Construction is slated to get underway by the end of this month. Upon completion of the Switchyard in 2018, Waterford Residential is expected to manage the property.
Stoneleigh Opens High-Rise Apartment Tower in Dallas
REBusinessOnline | Taylor Williams | February 24, 2017
Stoneleigh Cos. has opened One Uptown, a 20-story, 196-unit high-rise apartment building on McKinney Avenue in Uptown Dallas. With more than 18,835 square feet of retail space, the complex currently houses Brazilian steakhouse Fogo de Chao and will lease space to Circo, a five-star European restaurant, this summer. OneUptown’s amenities include a rooftop pool, private fitness studio, entertainment room, lounge, and a demonstration kitchen. Move-ins began on February 18.
One Uptown Opens its Doors on McKinney Avenue
D Magazine | Lily Corral | February 23, 2017
The doors have opened at Uptown’s newest high-rise apartment building, One Uptown, located on McKinney Avenue. The 20-story building features 196 residences ranging from studio apartments to penthouses and includes 18,835 square feet of retail and restaurant space.
“We are delighted with how successful leasing of One Uptown has been so far,” said Rick Cavanaugh, CEO of Stoneleigh Cos., One Uptown’s developer. “More than 20 percent of residents will move in this March, and we are thrilled to offer them a lavish living experience in the community of Uptown Dallas.”
Fogo de Chão opened at One Uptown on February 13. A second restaurant offering, Circo, will join the building this summer as the restaurant’s first U.S. location.
One Uptown’s walkability score stands out as the city’s highest, coming in at a 96, with Klyde Warren Park and Katy Trail available nearby. The apartment complex will also feature Uptown’s only rooftop pool, with a 9,000-square-foot sky deck and lounge.
Want to Win a Grammy One Day? These Apartments Come with Music Studios
Mansion Global | Beckie Strum | February 12, 2017
It took Grammy-nominated band The Chainsmokers 30 minutes in a recording session to come up with the beat to double-platinum hit “Closer.”
An expert jury will decide just how brilliant the electronic-dance music duo’s quick work is on Sunday night at the 59th Annual Grammy Awards, where The Chainsmokers are up for their first Grammy, for best new artist. Another upstart vying for the new artist title, Kanye-christened Chance the Rapper, completed most of his 14-track release “Coloring Book” in two months.
If these guys can strike pop-music gold in less time than it takes most people to do their taxes, then imagine the benefit, if you’re so inclined, of having a recording studio at your disposal 24 hours a day.
Luxury building developers, in the race to stand out from competitors, are hoping to capture a musical market by providing in-house music rooms and recording studios to accommodate artists hit by a spontaneous muse.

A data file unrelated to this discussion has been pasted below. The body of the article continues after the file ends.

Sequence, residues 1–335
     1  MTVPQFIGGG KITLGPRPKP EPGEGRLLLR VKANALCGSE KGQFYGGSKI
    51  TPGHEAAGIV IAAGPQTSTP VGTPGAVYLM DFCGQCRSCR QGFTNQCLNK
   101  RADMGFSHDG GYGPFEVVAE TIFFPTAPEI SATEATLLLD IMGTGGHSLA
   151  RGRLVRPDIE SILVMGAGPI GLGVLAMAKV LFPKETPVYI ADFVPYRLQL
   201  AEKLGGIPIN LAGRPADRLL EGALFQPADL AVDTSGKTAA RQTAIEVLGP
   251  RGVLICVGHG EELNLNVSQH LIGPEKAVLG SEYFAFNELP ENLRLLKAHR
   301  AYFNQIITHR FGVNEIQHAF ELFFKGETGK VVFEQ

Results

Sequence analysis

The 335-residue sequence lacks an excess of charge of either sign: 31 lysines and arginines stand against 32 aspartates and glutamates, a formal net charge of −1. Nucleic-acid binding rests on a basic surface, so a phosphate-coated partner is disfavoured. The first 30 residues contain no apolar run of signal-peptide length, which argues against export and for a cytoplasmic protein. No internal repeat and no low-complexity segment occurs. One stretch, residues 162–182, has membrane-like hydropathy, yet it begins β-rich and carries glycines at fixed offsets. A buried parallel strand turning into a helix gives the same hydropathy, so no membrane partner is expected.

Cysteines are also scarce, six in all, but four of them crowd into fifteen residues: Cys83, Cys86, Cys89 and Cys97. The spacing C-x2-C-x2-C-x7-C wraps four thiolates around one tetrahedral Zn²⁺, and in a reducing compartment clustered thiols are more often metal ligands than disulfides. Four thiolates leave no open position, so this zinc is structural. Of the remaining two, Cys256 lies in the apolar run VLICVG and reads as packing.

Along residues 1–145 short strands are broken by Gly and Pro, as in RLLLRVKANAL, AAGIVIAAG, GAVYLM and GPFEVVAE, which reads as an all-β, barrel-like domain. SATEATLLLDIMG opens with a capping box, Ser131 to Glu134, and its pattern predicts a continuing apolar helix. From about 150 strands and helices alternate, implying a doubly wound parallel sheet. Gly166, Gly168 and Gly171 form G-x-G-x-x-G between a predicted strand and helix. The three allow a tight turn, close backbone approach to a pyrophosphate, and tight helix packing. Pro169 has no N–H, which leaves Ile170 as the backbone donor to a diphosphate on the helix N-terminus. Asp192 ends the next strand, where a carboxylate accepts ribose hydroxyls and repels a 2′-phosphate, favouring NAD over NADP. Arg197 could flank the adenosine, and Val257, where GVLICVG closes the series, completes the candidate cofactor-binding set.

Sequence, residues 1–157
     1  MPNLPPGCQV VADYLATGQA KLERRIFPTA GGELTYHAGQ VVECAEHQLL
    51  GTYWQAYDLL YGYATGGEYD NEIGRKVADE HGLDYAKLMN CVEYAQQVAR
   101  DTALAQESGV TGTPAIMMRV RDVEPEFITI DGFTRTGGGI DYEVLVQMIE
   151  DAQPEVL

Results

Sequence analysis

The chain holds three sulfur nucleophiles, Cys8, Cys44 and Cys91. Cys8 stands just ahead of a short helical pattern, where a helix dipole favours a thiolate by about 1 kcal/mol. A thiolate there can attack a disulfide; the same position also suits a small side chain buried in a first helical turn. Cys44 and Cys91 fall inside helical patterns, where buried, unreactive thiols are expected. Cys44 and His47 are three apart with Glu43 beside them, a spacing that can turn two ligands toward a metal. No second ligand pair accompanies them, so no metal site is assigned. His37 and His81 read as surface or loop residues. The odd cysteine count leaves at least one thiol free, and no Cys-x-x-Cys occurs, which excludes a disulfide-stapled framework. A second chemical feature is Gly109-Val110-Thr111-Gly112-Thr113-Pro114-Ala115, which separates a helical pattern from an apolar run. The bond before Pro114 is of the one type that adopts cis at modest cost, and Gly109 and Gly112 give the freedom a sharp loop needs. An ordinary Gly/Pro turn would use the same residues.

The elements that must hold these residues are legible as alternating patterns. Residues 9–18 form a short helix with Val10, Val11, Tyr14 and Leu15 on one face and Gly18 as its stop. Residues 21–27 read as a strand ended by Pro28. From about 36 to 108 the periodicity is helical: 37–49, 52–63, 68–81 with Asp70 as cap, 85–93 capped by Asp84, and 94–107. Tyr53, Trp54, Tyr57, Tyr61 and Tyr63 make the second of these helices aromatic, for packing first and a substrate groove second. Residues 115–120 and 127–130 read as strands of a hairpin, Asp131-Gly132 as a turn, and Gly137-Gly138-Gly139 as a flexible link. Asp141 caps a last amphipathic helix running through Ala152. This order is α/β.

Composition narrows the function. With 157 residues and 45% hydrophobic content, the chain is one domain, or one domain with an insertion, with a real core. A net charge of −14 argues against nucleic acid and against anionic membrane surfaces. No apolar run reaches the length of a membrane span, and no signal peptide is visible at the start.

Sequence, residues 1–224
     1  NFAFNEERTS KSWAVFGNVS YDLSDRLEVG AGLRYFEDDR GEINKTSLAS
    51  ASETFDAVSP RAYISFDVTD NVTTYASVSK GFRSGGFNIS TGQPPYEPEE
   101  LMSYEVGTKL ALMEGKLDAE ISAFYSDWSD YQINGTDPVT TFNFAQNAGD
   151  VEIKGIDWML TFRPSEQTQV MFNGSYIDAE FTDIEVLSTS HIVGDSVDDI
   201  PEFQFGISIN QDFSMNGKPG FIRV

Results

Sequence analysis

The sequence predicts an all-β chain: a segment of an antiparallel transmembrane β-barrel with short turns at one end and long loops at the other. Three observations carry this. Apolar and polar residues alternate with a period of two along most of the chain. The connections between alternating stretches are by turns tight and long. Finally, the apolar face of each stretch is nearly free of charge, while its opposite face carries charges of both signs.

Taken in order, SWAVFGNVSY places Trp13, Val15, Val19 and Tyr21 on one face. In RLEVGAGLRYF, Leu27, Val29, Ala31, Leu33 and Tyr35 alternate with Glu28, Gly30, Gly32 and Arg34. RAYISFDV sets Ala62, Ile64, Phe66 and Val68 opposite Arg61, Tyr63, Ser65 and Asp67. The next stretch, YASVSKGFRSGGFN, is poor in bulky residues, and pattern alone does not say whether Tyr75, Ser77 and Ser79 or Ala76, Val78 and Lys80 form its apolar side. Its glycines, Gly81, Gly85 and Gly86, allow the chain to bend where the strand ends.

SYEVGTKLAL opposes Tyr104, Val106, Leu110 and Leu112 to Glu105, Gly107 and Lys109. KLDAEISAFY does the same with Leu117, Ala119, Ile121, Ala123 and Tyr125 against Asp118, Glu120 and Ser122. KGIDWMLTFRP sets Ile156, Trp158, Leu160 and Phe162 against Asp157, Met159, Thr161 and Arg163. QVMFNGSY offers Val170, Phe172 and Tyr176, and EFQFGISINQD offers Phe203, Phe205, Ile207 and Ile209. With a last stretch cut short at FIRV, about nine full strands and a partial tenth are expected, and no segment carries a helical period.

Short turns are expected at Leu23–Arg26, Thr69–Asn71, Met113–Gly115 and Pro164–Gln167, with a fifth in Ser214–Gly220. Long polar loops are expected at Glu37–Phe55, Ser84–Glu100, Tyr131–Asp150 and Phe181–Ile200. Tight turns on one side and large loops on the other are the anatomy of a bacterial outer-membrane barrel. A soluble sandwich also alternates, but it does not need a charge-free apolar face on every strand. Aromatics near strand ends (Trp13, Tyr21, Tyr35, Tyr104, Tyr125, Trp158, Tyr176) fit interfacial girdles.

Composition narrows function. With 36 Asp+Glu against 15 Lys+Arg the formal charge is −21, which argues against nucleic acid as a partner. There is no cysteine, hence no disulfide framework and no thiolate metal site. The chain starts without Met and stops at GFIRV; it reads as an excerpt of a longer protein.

In honor of the Grammy Awards, being held at the Staples Center in Los Angeles, here are a handful of residential developments equipped with musical amenities just one elevator trip away, and accessible day and night.
One Arlington, Chicago
Number of units: 214 upscale rentals
Developer: Stoneleigh Companies
Building Type: Rentals
Completion Date: 2015
As a rental development in Chicago’s northwest, these units are probably the most affordable on this list, running $4,000 per month for a two bedroom. The 13-story development is part of a larger Arlington Downs Development, slated to finish this year, which will include restaurants, retail and co-working spaces. The former Sheraton and Hilton hotels site still hosts five-star services, including a modest in-house recording studio. The music room is part of what developer Rick Cavanaugh referred to as the basement “man cave,” which also includes a poker table, billiards, a shuffleboard and golf simulator.
Uptown’s newest high-rise is almost ready for first residents
Dallas News | Steve Brown | January 8, 2017
A curvaceous new Uptown apartment high-rise is almost ready for its first tenants.
The 20-story One Uptown tower has been under construction on McKinney Avenue for more than two years.
The $85 million project includes 198 luxury rental units and 18,000 square feet of restaurant and retail.
“Our first residents move in on the 18th,” said Rick Cavenaugh, CEO of developer Stoneleigh Cos. “We’ve leased five more units this week.”
More than 20 percent of the high-rise is already rented.
Stoneleigh Cos. and USA Infrastructure Investments are the developers. The tower designed by Dallas architect Phil Shepard.
The smallest studio apartment with about 540 square feet goes for around $1,650 a month.
A 1,980 square-foot penthouse will run you just under $10,000.
“A lot is going to happen in the next two or three weeks,” Cavenaugh said. “We are moving people in first on floors four to eight.”
The top floor of the tower has a swimming pool and tenants lounge with sweeping views of Uptown and the Dallas skyline.
On the second floor there’s another swimming pool with a clear glass bottom over the drive-up entry on Routh Street.
Also on the second floor there’s a fitness center, guest rooms victors and a dog park.
Six levels of underground parking serve the apartments and retail.
“Fogo De Chão Brazilian Steakhouse opens on the 13th,” Cavenaugh said. “They are in there cooking and training.”
Circo restaurant will open on the McKinney corner of the building this spring.
Stoneleigh Cos. is rushing to finish the public areas in the building.